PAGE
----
In these cases, the dongle becomes part of the power negotiation between the two devices, requiring the cable or dongle to have an embedded PD controller. The PD controller is initially powered through Vbus set at 5 V or the Vconn line. It then negotiates with the host to set an agreed upon power level on the Vbus line.
Figure 5 shows an electronically marked cable assembly, or EMCA example, for connecting two Type-C devices. The PD controller can be powered by Vconn 1 or Vconn 2. The EMCA will advertise its maximum power capabilities on the CC line, and the source will adapt to suit.
Type-C Adapter with Alternate Mode
An alternate mode is the functional extension of the Type-C interface, which allows DisplayPort, PCIe, or other communications protocols to use the USB 3.1 SuperSpeed lines. The alternate mode is entered when connecting the adapter to a compatible host.
A dongle that supports the alternate mode requires extra precautions and embedded devices. The dongle must inform the host if it was unable to enter the alternate mode to avoid a silent failure. It accomplishes this task through the Billboard device, and the USB Type-C PD standard mandates that any alternate-mode accessory implement a Billboard device.
Figure 6 shows a cable that converts a legacy video port into Type-C. If the Type-C device doesn’t support the legacy video format, the Billboard device will be informed by the PD controller, and will, in turn, inform the Type-C device of the failure.
Docking Station or Hub
A more complex example than display/Type-C to Type-C is a docking station or hub that must support charging many devices. The hub can be a combination of multiple Type-C or Type-A ports, HDMI, and PCIe. This hub requires multiple embedded devices to successfully support connected devices. Each port, depending on what device is connected, will need different amounts of power. To account for this, each port may require a PD device.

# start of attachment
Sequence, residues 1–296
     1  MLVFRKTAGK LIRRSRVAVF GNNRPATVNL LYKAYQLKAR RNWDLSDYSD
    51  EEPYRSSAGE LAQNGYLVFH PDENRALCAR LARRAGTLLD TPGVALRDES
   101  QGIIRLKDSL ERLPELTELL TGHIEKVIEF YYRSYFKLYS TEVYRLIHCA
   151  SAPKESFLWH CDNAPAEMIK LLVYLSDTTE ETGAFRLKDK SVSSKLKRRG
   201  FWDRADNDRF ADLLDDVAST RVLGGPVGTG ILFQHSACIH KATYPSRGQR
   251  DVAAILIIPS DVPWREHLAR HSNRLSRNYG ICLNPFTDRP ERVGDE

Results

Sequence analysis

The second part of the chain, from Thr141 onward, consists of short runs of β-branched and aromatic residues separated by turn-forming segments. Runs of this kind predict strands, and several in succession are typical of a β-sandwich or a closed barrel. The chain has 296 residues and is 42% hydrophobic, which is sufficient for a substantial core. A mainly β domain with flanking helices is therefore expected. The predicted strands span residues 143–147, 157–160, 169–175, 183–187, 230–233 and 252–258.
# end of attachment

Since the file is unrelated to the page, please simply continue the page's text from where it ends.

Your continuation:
Any video ports, such as display, VGA, or HDMI, will need a Billboard device. In addition, the hub requires a device to control traffic to the host. This remains largely unchanged from the Type-A hubs, because you must prevent collisions on the lines and ensure that only one device is communicating to the host at one time. It’s clear that the previously simple hub now requires a more complex and demanding design.
USB Type-C Solutions
All of this added design complexity needn’t fall solely on developers. USB device suppliers like Silicon Labs provide development boards, PD libraries, Billboard source code, and example code aimed at dongles, docking stations, and device ports. Developers can greatly reduce USB Type-C development time and effort by using these tools when developing new Type-C devices.
Development boards (Fig. 7) are now available that implement a Vesa DisplayPort alternate-mode adapter with charging capability. Developing such a device increases the capability of a single Type-C port on a host by allowing power (charging) and video to come through one port.
The board shown in Figure 7 features two PD controllers, one for each port, and a Billboard device to accompany the DisplayPort. The reference design handles switching to alternate mode, charging, informing the host of a failure, and ensuring correct power delivery to the display port and host. Using a development board like this, along with supplied firmware, is less painful and faster than creating a new platform and writing firmware from scratch. With such development tools, manufacturers and suppliers can quickly deliver a Type-C solution with enhanced functionality.
USB Type-C is the standard of the future. The days of digging through a drawer looking for the correct conversion or cable ends are over. Going forward, choosing a cable will involve deciding whether the end is a plug or receptacle, and whether it can handle higher amounts of power. Smartphones, tablets, and laptops that have only Type-C ports are already on the market, and these pioneering devices are just the start.
Type-C requires embedded devices and firmware to handle vast functionalities, which puts a strain on developers and manufacturers as they migrate their devices. Fortunately, embedded developers can turn to USB Type-C reference designs, libraries, firmware, and support teams dedicated to simplifying Type-C requirements for a wide array of applications.